U.S. judge sends Trump’s former campaign chief Manafort to jail

WASHINGTON,  (Reuters) – A federal judge today sent President Donald Trump’s former campaign chairman, Paul Manafort, to jail pending trial, after Special Counsel Robert Mueller charged him last week with witness tampering.

It was the latest episode in the fall of Manafort, a longtime political operator and businessman who has been a focus of Mueller’s investigation into Russia’s role in the 2016 U.S. presidential election.

U.S. District Judge Amy Berman Jackson in Washington revoked Manafort’s bail, sending him to jail.

“I have no appetite for this. But in the end, I cannot turn a blind eye,” she said. “You’ve abused the trust placed in you.”

Manafort has been indicted by Mueller in both Washington and Virginia on a raft of charges, including conspiracy against the United States. His trial in the Washington case is scheduled for September. He had remained on home confinement in Alexandria, Virginia, and had been required to wear an electronic monitoring device.

Paul Manafort

Manafort’s trial on the related charges in Virginia is set for July 25. He has pleaded not guilty to all charges.

Mueller, whose investigation has overshadowed Trump’s presidency, is investigating whether the president’s 2016 campaign colluded with Moscow and whether Trump has unlawfully sought to obstruct the Russia probe. Trump has called Mueller’s investigation a witch hunt and has denied wrongdoing.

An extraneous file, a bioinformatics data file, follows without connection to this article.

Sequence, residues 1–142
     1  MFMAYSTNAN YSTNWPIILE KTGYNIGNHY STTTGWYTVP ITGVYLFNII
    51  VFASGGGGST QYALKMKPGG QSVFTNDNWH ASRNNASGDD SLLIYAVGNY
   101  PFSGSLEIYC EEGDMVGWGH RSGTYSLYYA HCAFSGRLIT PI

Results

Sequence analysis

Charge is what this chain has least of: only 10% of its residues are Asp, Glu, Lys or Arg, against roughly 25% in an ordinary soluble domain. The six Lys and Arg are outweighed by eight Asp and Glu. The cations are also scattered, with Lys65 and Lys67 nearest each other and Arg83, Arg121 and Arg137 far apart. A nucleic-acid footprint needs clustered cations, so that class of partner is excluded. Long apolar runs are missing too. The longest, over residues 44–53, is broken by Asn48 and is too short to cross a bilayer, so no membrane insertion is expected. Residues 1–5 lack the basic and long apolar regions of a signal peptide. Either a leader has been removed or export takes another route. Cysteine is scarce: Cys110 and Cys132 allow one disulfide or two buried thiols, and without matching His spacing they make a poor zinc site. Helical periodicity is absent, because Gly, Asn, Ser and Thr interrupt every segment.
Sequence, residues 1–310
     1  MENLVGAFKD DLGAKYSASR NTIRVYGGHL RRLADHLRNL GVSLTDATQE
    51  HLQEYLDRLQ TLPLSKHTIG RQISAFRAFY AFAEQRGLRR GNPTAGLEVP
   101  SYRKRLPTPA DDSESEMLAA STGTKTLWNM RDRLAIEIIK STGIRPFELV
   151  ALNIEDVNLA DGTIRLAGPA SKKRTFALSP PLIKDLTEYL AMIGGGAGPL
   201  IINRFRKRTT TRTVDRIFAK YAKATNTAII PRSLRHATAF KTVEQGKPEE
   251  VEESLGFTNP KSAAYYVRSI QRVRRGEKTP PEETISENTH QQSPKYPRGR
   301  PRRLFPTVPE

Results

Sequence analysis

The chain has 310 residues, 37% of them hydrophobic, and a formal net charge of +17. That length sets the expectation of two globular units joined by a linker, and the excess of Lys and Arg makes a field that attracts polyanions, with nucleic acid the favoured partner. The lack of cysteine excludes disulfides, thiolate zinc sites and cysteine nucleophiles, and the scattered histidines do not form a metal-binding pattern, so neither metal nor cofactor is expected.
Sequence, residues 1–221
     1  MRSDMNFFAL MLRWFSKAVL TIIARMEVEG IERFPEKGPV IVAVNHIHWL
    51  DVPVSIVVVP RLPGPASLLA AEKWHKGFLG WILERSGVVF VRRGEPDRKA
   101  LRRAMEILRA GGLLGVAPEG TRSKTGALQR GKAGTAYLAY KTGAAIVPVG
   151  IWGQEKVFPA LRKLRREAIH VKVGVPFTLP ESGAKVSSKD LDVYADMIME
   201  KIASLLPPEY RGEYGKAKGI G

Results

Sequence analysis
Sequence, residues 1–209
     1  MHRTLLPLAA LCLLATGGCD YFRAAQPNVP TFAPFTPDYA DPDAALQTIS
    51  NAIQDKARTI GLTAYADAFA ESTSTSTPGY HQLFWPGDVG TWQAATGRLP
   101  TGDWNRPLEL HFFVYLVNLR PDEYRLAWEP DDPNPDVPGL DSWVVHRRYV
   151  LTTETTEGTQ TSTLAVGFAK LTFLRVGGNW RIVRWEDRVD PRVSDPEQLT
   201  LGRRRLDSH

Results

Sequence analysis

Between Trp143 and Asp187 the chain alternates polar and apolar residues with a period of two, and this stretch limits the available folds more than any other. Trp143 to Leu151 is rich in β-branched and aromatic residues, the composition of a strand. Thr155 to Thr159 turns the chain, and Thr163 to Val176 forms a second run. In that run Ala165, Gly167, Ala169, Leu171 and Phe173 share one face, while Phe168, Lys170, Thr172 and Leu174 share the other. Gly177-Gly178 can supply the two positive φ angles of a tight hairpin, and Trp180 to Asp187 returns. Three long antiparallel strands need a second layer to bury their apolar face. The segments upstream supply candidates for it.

Jackson had previously rebuffed Manafort’s repeated requests to end his home confinement in exchange for pledging $10 million in real estate as collateral.

A June 8 indictment charged Manafort and Konstantin Kilimnik, a Manafort aide and political operative with alleged ties to Russian intelligence, with tampering with witnesses about their past lobbying for Ukraine’s former pro-Russian government.

The indictment accused Manafort and Kilimnik of attempting to call, text and send encrypted messages in February to two people from a political discussion group – the so-called Hapsburg Group – that Manafort worked with to promote Ukraine’s interests in a bid to sway their testimony.

Mueller’s team this month asked the judge to revoke Manafort’s bail, saying his “obstructive” conduct “instills little confidence that restrictions short of detention will assure Manafort’s compliance with the court’s orders and prevent him from committing further crimes.”

Manafort has long-standing ties to a pro-Russian political party in Ukraine and a Russian oligarch close to the Kremlin.

The charges against Manafort in Washington include conspiracy to launder money, conspiracy to defraud the United States and failing to register as a foreign agent for the pro-Russia Ukrainian government under former President Viktor Yanukovych.

None of the charges against make reference to alleged Russian interference in the election nor the accusations of collusion between Moscow and Trump’s campaign. The Kremlin has denied meddling in the election.

 

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